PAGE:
Los Angeles, California / USA - May 1, 2020: People in front of Los Angeles’ City Hall protest the state’s COVID-19 stay at home orders in a “Fully Open California” protest.

The Supreme Court Threatens to Undermine Vaccination Decisions Entrusted to the States

By Donna Gitter

In 2021, the Supreme Court articulated in Tandon v. Newsom a legal principle that threatens to upend over a century of legal precedent recognizing the authority of state governments to ensure public health by mandating vaccines.

The ruling lays the groundwork for courts to force states to include religious exemptions to mandatory vaccines whenever they include secular exemptions, such as medical ones.

Tandon, a religious rights case unrelated to vaccines, arose in March 2020 during the start of the COVID-19 pandemic in the U.S., when the governor of California issued executive orders limiting both secular and religious in-home gatherings to members of three households or less. Religious believers brought a First Amendment challenge arguing that religious in-home gatherings must be exempted from the limitation because various secular businesses were not subject to the same limitation.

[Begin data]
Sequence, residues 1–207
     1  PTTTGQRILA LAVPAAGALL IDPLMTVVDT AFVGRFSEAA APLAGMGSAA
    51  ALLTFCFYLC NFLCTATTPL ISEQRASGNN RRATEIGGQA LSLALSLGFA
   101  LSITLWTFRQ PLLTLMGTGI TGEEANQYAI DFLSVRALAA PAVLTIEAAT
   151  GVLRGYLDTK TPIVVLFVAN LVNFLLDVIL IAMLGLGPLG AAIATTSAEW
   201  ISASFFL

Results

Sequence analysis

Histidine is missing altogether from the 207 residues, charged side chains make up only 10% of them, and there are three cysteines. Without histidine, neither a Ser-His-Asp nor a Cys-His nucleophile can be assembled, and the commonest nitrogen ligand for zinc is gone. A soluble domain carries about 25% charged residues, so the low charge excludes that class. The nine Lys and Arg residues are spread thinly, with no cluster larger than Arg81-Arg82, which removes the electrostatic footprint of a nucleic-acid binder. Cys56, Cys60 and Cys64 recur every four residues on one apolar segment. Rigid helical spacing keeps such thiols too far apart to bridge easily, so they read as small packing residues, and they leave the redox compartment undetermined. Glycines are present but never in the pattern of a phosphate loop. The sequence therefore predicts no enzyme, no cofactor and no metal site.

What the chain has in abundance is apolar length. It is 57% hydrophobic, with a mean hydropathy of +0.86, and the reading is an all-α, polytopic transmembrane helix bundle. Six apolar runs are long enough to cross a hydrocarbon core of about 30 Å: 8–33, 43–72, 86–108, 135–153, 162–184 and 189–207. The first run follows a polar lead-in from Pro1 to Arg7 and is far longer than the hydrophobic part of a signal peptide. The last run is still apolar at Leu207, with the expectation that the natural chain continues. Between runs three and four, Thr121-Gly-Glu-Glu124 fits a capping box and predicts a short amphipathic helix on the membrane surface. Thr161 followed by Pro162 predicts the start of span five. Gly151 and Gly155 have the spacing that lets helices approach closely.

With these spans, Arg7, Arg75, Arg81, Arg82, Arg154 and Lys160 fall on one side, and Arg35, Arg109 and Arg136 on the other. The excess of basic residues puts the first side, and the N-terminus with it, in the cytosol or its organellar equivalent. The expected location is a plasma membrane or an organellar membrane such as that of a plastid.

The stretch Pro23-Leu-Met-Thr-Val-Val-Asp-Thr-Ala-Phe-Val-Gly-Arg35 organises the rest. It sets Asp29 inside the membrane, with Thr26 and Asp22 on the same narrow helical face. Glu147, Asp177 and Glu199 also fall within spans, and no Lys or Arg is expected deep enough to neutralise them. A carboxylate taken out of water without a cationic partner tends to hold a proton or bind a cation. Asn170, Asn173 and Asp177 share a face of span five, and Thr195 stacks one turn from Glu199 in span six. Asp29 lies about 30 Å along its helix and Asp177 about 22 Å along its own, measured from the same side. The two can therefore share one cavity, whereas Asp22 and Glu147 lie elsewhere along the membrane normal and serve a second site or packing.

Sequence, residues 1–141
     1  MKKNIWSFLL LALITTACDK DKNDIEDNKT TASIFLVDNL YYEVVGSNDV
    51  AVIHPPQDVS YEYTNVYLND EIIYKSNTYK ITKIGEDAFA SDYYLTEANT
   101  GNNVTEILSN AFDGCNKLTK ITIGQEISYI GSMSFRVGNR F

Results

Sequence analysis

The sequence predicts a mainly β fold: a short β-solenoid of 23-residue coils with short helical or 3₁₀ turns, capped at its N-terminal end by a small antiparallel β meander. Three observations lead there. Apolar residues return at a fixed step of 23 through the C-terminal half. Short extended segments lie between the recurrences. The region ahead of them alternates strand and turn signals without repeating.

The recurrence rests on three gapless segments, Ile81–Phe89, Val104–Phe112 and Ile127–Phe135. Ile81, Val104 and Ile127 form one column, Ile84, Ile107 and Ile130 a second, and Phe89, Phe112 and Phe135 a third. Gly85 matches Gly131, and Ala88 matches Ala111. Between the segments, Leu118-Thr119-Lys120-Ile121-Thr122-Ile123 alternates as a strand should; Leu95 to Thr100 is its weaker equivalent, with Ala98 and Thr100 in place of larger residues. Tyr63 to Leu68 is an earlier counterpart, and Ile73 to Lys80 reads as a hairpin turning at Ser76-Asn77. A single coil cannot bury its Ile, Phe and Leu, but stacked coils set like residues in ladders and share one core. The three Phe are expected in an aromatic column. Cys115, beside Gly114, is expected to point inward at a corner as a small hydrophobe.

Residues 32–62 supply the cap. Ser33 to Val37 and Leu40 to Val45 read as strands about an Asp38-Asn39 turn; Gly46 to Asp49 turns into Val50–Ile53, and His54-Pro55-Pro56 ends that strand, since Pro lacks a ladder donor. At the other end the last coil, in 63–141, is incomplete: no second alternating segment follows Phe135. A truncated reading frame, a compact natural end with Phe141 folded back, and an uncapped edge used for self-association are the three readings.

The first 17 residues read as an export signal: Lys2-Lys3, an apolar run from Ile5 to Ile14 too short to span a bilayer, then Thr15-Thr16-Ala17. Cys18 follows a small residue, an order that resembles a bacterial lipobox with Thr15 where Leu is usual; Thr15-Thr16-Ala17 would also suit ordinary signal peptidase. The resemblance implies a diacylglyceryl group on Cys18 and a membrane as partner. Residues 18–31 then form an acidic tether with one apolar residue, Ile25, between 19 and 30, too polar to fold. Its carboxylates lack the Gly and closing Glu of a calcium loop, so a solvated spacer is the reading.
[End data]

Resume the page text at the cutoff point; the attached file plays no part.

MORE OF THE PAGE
At that time, California restricted in-home gatherings while allowing more than three households to gather inside public transportation; establishments that provide personal care, like salons; government offices; movie studios; tattoo parlors; and other commercial spaces. The State’s rationale was that social gatherings presented a particular risk because people had longer interactions, particularly face-to-face conversations, and were not subject to state mandates regarding masking and social distancing. The Supreme Court refused, however, to defer to the California’s assessment of which activities were comparable to one another for the purposes of the state executive order.

The Tandon decision altered First Amendment precedent, which had held for decades that neutral and generally applicable laws that do not target specific religious practices are presumed valid under the First Amendment Free Exercise Clause. The Supreme Court upended that precedent by declaring that even if a law applies widely to both secular and religious conduct, the Court would not consider that law neutral toward religion if it treated any comparable secular activity at all more favorably than the restricted religious activity.

In enjoining enforcement of identical restrictions on in-home gatherings, whether religious or secular, the Supreme Court imposed a broader ‘most favored nation’ approach to religious-exemption claims. The concept of most-favored-nation derives from a principle of international trade law, which provides that a host state must treat all of its trading partners equally, and if the host state lowers a tariff for one trading partner, it must lower it for all trading partners. It threatens public health to interpret this principle to mean, as the Supreme Court seems poised to suggest, that the existence of a secular medical exemption to vaccine mandates means that a state must offer a religious exemption.